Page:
Anichebe talks to Anthony Walker Foundation about racism

Monday, 27 July, 2020 4comments  |  Jump to last

In a special edition of the Official Everton Podcast, Victor Anichebe and Ben Osu of the Anthony Walker Foundation (AWF) shared their experiences as black men growing up in Liverpool.

The BBC One drama Anthony, to be broadcast at 8.30pm on Monday, will revisit the murder of 18-year-old Anthony in Huyton 15 years ago, and imagine the life he could have had.

Former Everton striker Anichebe was 17 at the time of Anthony's death and profoundly affected by the racially-motivated killing.

He told Osu, Strategy Lead of the AWF, about his own encounters with racism after moving with his parents from Nigeria to England, “being the only black person in class” and how growing up in Blundell Sands were “there were not many black families” living around him.

Anichebe also talked about the subtle racism he faced growing up when he would would ask to “go home” or “when are you going home?” and how as a child he innocently brushed it off but it impacting him as he got older. He also shared how horrified he was at the encounters his mum, who worked as a nurse in the region, suffered doing her job helping people.

When asked about racism in football Anichebe called for more opportunities across the game for black people beyond coaching and questioned whether former black players would get the opportunities at the highest level.

Both Victor Anichebe and Ben Osu feel that education is the best method engaging people on the topic of racism.

Listen to Anichebe and Osu in this special edition of the Official Everton Podcast below or by clicking here.

 

Reader Comments (4)

Note: the following content is not moderated or vetted by the site owners at the time of submission. Comments are the responsibility of the poster. Disclaimer


Kev Jones
1 Posted 28/07/2020 at 18:22:03
Victor is no Everton legend but what he says speaks to what it can be like when you are not felt to be ‘one of us'.

Although from a ‘posh' part of Liverpool, as he puts it and viewing himself as having a relatively privileged life as a kid, he recalls the familiar everyday drip drip drip of racist remarks, the tired refrain of ‘go back home'.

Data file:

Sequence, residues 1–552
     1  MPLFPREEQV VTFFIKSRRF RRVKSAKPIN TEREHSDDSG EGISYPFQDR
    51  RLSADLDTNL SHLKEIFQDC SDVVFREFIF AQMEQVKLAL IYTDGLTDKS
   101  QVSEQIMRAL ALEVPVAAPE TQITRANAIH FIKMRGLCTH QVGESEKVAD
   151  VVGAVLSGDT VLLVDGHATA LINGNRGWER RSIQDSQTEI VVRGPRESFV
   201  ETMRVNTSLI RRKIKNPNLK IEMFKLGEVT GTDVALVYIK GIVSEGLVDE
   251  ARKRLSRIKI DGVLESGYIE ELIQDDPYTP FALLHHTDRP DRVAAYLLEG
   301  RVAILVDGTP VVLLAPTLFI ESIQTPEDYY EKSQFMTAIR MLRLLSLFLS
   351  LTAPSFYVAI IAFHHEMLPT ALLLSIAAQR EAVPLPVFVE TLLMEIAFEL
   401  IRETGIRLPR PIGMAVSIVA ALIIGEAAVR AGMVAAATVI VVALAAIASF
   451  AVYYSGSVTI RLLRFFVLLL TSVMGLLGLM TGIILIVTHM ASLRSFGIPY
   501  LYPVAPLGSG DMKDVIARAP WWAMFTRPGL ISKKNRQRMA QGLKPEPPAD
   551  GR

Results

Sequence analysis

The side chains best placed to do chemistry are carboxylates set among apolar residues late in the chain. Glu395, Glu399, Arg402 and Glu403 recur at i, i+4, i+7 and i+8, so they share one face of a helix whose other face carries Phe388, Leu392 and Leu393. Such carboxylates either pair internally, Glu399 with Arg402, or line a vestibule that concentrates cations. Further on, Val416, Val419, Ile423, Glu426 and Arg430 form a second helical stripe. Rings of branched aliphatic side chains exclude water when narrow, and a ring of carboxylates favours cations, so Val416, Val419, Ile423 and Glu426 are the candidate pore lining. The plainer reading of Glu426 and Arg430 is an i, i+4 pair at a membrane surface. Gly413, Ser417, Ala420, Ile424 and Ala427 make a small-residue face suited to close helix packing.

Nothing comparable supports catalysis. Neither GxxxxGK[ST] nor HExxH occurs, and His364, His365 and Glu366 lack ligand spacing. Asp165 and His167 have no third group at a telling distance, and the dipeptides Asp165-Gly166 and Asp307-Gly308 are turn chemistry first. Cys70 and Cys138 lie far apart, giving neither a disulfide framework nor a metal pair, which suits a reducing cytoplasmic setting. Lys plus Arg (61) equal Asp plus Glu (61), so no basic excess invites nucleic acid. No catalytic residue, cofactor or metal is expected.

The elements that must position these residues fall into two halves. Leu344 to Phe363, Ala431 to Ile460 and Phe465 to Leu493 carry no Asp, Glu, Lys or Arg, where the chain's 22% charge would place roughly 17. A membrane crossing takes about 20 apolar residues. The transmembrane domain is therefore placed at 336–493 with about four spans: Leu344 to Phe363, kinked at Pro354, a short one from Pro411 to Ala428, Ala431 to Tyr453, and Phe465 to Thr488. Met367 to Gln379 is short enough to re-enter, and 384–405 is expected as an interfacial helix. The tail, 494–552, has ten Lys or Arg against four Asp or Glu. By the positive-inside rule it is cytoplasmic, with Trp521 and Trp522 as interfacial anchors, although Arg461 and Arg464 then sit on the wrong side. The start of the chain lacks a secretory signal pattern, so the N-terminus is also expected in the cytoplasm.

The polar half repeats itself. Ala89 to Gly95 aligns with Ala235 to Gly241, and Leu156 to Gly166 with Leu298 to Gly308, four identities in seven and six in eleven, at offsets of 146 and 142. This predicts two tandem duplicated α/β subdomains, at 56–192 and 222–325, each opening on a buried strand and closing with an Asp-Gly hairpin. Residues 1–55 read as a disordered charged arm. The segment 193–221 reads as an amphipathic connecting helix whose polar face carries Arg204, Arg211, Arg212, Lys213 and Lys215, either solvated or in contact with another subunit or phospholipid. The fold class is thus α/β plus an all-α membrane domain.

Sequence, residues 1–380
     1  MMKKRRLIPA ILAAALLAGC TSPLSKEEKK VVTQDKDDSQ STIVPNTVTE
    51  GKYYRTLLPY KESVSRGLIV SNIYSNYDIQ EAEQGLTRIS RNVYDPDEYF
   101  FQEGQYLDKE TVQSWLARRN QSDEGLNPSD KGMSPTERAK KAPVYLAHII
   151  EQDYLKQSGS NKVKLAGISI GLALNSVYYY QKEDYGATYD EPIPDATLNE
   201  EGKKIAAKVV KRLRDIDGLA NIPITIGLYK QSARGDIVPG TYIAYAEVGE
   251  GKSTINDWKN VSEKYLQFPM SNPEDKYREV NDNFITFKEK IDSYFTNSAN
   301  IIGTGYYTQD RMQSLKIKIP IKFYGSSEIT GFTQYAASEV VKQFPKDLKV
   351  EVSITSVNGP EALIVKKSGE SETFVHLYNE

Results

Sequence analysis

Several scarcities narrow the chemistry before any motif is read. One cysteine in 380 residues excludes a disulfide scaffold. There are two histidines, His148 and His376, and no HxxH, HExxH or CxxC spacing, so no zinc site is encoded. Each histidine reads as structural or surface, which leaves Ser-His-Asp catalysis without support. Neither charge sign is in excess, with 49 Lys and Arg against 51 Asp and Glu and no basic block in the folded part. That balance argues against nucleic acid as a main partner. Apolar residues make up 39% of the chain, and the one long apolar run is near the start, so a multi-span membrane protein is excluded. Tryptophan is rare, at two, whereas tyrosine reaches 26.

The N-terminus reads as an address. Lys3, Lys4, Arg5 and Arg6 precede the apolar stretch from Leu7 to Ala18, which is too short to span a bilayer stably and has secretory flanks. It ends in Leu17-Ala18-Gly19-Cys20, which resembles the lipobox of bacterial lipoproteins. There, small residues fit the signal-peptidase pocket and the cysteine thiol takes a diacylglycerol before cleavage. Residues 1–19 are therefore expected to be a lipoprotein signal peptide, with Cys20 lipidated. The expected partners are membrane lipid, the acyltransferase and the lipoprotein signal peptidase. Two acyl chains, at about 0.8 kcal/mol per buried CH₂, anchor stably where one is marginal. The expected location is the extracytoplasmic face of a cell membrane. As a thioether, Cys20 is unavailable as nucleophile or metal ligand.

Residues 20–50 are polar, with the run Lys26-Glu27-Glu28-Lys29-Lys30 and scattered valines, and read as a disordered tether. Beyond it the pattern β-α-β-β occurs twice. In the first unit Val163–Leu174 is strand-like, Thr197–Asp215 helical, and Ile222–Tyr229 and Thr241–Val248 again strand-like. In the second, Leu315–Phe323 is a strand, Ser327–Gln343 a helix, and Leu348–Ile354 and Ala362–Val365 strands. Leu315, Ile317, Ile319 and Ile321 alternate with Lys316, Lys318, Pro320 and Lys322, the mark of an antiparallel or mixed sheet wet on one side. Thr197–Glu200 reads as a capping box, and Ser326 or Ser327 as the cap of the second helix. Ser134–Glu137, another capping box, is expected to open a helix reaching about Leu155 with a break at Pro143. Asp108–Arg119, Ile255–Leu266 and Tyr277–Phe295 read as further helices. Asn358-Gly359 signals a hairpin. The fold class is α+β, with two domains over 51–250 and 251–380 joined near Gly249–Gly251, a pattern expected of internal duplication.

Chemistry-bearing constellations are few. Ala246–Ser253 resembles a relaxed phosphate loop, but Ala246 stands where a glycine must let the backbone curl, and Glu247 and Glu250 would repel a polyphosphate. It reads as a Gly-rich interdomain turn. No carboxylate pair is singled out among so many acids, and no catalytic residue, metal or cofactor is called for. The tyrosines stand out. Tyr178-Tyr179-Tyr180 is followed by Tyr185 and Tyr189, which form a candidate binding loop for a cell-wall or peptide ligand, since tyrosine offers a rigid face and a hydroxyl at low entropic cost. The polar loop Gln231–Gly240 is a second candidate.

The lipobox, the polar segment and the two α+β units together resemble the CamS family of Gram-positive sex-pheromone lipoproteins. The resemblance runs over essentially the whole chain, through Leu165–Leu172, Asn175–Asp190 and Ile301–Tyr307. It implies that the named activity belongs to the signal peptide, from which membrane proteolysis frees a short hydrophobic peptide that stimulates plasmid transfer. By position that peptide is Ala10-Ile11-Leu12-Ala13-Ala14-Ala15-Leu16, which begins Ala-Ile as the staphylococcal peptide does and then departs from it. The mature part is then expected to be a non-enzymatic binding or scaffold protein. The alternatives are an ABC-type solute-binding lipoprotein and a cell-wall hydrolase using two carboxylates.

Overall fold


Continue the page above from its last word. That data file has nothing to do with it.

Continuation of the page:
This was meant in the sense of both back to Nigeria and when at some of his friends houses their parents would ask why they had brought ‘a black boy' into their home. There is an almost funny, except that its true, instance of the police being called because he and his friend had simply looked into a jewellers window. Not to mention the inevitable being pulled over because he is a black guy in a nice car.

He looks back on incidents of racism directed toward him over the years that he had ignored as a way of dealing with them. The Black Lives Matter movement helped him realise that the everyday use of stereotyping and offensive language, funny looks in the street and all, had a bigger impact on than him realised.

Having to deal with the contradictions of having good white friends who made casually racist remarks around him and experienced that white people find it difficult to be called out on racism, he looks to ways of making progress from where we are. He looks to ‘if you know your history' through education as a way of helping people understand black and ethnic minority experience racism and does so with a real humility.

It would be interesting to hear the experience of Everton's other black players growing up in the city. I'll also be watching the documentary on Anthony Walker. Well played Victor.

Peter Gorman
2 Posted 28/07/2020 at 19:12:04
Well, firstly I wouldn't call being told to "go back home" exactly 'subtle racsim', and some enquiries as to his future plans may have been made in all innocence, given that he was born in Nigeria to Nigerian parents.

I recall Stubbsy and a teenage Rooney being subject to similar prejudice in a London estate agents, so it still bothers me that racism is the go-to explanation for anything that happens to anyone from a minority background.

Now class prejudice, that I can relate to.

Sukhdev Sohal
3 Posted 28/07/2020 at 21:27:01
Well played Vic. When will people realise no race is superior to others? Especially the use of the term 'wool' by Everton fans, its almost as if they are more privileged being a scouser than any other race.
Patrick McFarlane
4 Posted 28/07/2020 at 21:49:25
Peter # 2
I'm not sure that those inquiries for his future plans would have been 'innocent' and why do you find it so hard to believe that racism exists in everyday life and therefore it isn't necessarily a go-to explanation, unfortunately, it's a fact of life.

I agree that the working class suffers from similar prejudices but there are ways to escape those prejudices, altering your skin colour is not an option. Educating the children of today may produce a fairer and more tolerant society tomorrow. We have to hope that happens as the ignorance surrounding race is divisive and gives more power to those elites who seek to exploit those powerless below them, who are made up of all races and creeds.

Add Your Comments

In order to post a comment, you need to be logged in as a registered user of the site.

» Log in now

Or Sign up as a ToffeeWeb Member — it's free, takes just a few minutes and will allow you to post your comments on articles and Talking Points submissions across the site.


About these ads